Gay Head lighthouse on Martha's Vineyard moved to safety from edge of crumbling cliff

The 160-year-old was left a mere 46ft from the fragile cliff’s edge after several landslides in recent years

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With the help of human ingenuity, hydraulic pistons and just a little bit of soap, a historic lighthouse on the US East Coast has been moved approximately 135ft inland, away from the eroding cliff-face that threatened its existence.

The 160-year-old Gay Head Lighthouse sits atop clay and sandstone cliffs buffeted by the Atlantic on the remote western tip of Martha’s Vineyard, an island off Massachusetts known today as a summer retreat for the East Coast elite. Indeed, the lighthouse is just two miles from Red Gate Farm, the former summer home of Jacqueline Kennedy Onassis.

Historically, however, the island was a hub for the whaling trade, which thrived in the region during the 19th century. The Gay Head Light, visible as far as 20 miles away, warned mariners of the coastline and the treacherous underwater rocks that stretch half a mile from the shore.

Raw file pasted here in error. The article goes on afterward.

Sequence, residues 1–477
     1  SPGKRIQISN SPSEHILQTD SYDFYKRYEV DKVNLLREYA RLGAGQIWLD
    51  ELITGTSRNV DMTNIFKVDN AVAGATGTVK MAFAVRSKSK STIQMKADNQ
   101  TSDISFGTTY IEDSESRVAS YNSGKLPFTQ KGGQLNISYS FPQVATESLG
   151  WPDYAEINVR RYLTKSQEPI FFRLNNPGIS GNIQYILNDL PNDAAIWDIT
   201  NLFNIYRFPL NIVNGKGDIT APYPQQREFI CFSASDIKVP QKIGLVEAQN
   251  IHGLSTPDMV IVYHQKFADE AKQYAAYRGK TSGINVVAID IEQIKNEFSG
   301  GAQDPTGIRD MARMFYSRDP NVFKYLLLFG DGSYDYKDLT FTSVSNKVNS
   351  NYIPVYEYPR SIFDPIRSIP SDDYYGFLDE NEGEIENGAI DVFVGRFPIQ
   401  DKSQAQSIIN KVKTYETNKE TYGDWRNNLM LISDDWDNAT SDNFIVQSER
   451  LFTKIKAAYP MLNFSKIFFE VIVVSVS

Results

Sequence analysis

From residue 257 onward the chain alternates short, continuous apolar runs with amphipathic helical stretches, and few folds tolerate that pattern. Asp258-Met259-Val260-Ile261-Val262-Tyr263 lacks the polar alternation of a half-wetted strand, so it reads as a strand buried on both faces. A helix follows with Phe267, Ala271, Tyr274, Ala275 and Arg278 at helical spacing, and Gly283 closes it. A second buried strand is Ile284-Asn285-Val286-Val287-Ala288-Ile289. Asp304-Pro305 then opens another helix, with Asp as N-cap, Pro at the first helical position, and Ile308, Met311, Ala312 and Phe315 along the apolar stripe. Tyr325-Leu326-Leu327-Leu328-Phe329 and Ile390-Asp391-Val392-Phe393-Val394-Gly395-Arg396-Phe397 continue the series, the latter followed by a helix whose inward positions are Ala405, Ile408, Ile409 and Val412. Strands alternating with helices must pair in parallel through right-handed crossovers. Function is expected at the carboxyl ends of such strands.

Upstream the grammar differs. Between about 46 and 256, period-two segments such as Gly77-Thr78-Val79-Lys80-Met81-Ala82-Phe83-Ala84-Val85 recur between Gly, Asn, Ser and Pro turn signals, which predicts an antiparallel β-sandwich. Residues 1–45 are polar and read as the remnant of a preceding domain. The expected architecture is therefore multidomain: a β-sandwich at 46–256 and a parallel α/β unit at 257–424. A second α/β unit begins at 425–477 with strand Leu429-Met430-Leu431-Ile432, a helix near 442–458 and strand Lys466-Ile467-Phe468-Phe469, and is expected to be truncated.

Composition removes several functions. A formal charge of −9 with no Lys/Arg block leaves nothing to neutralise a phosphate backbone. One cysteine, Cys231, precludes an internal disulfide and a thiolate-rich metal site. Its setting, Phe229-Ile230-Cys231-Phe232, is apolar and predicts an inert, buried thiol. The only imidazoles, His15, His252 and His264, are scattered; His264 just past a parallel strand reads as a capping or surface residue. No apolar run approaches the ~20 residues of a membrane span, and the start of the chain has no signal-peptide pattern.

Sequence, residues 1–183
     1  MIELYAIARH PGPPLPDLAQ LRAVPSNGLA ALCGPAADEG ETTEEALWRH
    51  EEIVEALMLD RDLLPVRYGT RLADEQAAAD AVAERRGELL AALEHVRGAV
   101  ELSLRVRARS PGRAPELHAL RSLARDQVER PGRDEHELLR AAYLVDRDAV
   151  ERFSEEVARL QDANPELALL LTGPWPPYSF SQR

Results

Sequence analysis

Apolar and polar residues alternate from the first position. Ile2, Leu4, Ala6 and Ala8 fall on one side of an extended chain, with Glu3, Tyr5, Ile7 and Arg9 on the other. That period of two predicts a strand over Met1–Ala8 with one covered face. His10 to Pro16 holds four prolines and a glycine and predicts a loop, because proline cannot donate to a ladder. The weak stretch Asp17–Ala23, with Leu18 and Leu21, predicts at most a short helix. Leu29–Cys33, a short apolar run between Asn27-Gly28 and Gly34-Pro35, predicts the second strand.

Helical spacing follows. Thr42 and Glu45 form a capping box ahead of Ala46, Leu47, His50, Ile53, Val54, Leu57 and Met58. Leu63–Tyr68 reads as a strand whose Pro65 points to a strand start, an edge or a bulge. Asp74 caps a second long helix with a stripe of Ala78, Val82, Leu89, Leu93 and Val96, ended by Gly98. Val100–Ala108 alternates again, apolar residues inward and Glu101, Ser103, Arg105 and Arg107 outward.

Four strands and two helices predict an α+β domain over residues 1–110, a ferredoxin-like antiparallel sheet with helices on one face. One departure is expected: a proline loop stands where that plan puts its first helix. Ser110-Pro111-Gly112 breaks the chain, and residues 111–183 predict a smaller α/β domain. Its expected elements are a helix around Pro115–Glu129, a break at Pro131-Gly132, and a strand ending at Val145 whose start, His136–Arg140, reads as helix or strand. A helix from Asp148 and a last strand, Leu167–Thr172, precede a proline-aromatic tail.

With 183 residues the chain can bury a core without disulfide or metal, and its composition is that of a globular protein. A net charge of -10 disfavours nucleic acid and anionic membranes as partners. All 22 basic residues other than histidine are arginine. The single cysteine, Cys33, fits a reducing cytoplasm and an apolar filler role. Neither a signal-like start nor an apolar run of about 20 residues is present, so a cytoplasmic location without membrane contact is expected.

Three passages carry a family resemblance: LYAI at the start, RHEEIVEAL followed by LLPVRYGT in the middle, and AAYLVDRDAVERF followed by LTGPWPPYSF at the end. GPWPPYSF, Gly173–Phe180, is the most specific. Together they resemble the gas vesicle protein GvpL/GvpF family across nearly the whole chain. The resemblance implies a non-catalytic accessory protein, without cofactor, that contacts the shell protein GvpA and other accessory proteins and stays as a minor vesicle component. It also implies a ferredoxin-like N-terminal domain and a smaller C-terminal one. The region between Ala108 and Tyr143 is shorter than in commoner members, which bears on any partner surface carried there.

Yet after several landslides in recent years, the lighthouse was left a mere 46ft from the fragile cliff’s edge. Island residents feared the 52ft-high brick building, which weighs more than 400 tons, would soon be too close to the brink to be moved safely.

Workers adjust the bracket on a hydraulic piston to ensure a smooth move

Thus, this spring, workers from the New York-based International Chimney Corp, which specialises in such painstaking moving works, began digging beneath the structure to lift it a few feet from the ground with a system of beams and hydraulic jacks.

The company has moved five other lighthouses in the past 25 years, including the Cape Hatteras Lighthouse in North Carolina, the tallest brick lighthouse in the US, which weighed 10 times as much as the Gay Head Lighthouse.

Jerry Matyiko, who is leading the moving team, told the Associated Press: “Preparing it was the hard part. Moving it is the easy part.”

On Thursday morning, the lighthouse began moving very slowly on a concrete pad at the same elevation, propelled by hydraulic pistons at just a few feet per hour, along steel rails lubricated with soap.

The lighthouse arrived at its destination on Saturday morning, and the landscape around it will now be restored to remove all trace of the move.